Saturday, March 24, 2007
The sheer scale of the open farmland challenges man to create anything of a size significant enough to make a visual impact. I've been poking around farm properties and photographing barns for a long enough to know that even large barns and silos can be dwarfed by the land itself.
The old barn on Empire Road (since dismantled) was a very large structure. Standing in the hay loft was like being in a cathedral. If chairs were arranged in neat rows it could easily have held several hundred people.
This barn, it's farmhouse, silos and outbuildings stand back away from a very busy highway. The speed limit and its location prevent most drivers from focusing on it for more than a millisecond. It looked interesting enough for me to return one day and find a safe place to pull off the road. Walking down through the gully and across the overgrown weeds brings you closer to the structures and it's at this point that you realize the enormity of this barn.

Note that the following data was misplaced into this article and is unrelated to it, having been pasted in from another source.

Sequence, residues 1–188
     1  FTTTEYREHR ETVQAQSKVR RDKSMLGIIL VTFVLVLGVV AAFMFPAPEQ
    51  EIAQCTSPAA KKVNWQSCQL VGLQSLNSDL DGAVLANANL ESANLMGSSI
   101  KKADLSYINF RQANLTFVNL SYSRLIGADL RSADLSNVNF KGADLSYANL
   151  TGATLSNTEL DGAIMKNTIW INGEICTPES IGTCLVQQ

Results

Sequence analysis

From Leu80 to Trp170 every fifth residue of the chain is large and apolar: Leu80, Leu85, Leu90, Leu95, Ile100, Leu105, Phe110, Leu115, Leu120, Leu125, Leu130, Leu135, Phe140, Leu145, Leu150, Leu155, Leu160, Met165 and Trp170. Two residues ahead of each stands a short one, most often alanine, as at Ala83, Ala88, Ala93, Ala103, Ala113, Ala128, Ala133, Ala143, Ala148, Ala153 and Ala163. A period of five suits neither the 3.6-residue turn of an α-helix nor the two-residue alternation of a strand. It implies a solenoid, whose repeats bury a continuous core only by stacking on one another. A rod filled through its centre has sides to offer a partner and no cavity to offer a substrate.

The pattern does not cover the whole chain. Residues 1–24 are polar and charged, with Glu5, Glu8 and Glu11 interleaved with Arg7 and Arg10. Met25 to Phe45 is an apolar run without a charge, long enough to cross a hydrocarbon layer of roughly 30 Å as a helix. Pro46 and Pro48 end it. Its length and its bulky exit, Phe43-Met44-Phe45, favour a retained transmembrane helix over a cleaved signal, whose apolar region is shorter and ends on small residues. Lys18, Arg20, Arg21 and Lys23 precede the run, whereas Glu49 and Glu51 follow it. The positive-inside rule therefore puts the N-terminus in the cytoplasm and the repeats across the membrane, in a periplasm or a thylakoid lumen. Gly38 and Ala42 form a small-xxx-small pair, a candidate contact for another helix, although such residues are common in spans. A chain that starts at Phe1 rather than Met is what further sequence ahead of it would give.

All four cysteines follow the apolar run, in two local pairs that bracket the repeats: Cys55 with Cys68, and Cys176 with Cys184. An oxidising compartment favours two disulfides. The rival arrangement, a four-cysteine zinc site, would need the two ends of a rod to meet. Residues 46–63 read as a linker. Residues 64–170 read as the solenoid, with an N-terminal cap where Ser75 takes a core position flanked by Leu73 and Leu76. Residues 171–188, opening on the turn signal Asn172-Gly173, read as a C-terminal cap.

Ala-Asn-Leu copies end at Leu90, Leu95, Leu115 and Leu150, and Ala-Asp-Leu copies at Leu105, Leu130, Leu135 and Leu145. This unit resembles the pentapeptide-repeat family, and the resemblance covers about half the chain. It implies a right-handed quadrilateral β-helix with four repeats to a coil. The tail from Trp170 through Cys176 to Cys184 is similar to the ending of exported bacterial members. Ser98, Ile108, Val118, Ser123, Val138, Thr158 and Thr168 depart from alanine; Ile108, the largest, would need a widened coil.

As a photographer it's frustrating not to be able to find a way to convey its size in an image. This barn is simply on a scale that I've never seen in Illinois. The roof is gone and the upper portion of the peak has fallen inwards but my guess is that it was more than 4 stories tall. It's menacing because at some point someone has clad the entire building in corrugated metal. The thought of a tornado hitting this spot and sending all that steel airborne is chilling. The silos are the largest I've seen on a private farm property. And they also reach 4 stories or more. Four or five stories in midtown Manhattan don't mean much but out on the prairie they make quite an impression.
Maybe it doesn't look like much but trust me, this place makes you feel you're in the land of the giants.